Presentation is loading. Please wait.

Presentation is loading. Please wait.

Using weed ecology for management Chuck Mohler Cornell University.

Similar presentations

Presentation on theme: "Using weed ecology for management Chuck Mohler Cornell University."— Presentation transcript:

1 Using weed ecology for management Chuck Mohler Cornell University

2 Outline Intro – “Many little hammers” Causes of weed mortality through the life cycle Thoughts on fertility Crop rotation and weed management Preventive weed management How to use the manual Discussion

3 Many little hammers

4 Any little hammer

5 Integration Crop rotation Crop competitiveness Type and timing of tillage & cultivation Water and nutrient management Mulches

6 Causes of mortality through the life cycle

7 Crop rotation: two considerations 1. Vary the seasonality of planting -- –Tillage for spring crops kills off winter annuals like annual bluegrass and shepherd’s purse –Tillage for summer crops kills off spring germinating weeds like ragweed. –Fall crops allow time for a midsummer fallow to fight purslane.

8 Crop rotation: two considerations 2. Varying crops allows you to vary management practices –Can tine weed corn, peas, snap beans –Can cultivate root crops very close to the row –Hill up potato and corn to kill in-row weeds –Flame weed corn & alliums –Straw mulch garlic –Short season crops like lettuce do not allow seed production – act like a fallow period

9 Varying crop seasonality and management practices prevent any one species from getting out of control Use short season crops like lettuce and spinach Or easily weeded and competitive crops like potato To clean up after crops like winter squash where weeds often go to seed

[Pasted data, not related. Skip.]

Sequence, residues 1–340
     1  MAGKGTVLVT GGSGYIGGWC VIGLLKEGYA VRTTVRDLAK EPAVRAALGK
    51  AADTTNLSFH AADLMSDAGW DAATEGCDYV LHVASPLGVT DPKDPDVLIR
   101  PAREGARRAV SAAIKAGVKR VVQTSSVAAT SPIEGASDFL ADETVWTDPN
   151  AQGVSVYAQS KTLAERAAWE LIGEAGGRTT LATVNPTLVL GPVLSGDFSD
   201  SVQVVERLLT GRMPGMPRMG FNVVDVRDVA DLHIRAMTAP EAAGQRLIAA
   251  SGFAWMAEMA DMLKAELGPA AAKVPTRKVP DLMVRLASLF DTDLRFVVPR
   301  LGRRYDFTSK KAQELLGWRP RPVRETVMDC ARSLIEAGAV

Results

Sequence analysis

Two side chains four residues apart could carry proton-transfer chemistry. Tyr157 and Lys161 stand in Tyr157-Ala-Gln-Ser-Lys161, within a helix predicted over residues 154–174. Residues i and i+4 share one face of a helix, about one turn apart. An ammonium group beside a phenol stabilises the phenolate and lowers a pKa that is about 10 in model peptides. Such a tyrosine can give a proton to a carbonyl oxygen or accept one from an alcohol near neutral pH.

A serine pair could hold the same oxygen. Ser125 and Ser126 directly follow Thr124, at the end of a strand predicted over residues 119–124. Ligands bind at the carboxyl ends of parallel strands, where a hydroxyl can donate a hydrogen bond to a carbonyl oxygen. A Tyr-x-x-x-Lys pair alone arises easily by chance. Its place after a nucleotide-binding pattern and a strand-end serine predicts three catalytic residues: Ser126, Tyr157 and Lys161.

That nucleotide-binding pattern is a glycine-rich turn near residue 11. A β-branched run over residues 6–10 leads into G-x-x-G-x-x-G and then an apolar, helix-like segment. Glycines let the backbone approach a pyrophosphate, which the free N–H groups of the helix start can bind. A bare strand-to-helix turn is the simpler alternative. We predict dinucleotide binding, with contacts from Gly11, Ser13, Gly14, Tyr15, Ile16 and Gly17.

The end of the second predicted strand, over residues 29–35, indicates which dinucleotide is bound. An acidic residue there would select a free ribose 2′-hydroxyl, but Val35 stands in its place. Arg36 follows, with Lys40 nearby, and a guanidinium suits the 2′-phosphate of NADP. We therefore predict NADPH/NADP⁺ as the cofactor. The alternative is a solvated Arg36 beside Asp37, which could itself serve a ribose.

10 Over fertilization Many weed species are highly responsive to soil fertility. Weeds often have 1.5 to 3 X higher N, P, K, & Ca concentrations than the crops they are growing with. Excess fertility increases weed growth rates.

11 Experiment at Martens’ Farm Applied 0, 0.6, 1.5, 3, or 6 ton/A of compost. Either a high N, high solubility compost, or a more digested stable compost. On the graphs “soluble” is about 5 - 5 - 2 “organic” is about 1.4 - 3.6 - 1.5

12 Response of corn yield to fertility

13 Weed response to fertility

14 Two basic approaches to organic weed management

15 Standard management reduce weed populations below level at which they cause noticeable yield loss Weed populations vary greatly between years Yield loss is hyperbolic— no threshold –Wild oat in wheat

16 Preventive management Don’t let weeds reproduce Requires constant vigilance Extra management in early years Fallows, hand rogueing

17 Prevention—management costs

18 Prevention—yield loss

19 How to use “The Growers Handbook to Ecological Weed Management” Understand the general biology of various types of weeds Understand the general principals of ecological weed management Identify the critical weed problems on the farm Read about the specific biology of the problem weeds Devise a management plan that exploits the weaknesses in the species’ biology.

Download ppt "Using weed ecology for management Chuck Mohler Cornell University."

Similar presentations

Ads by Google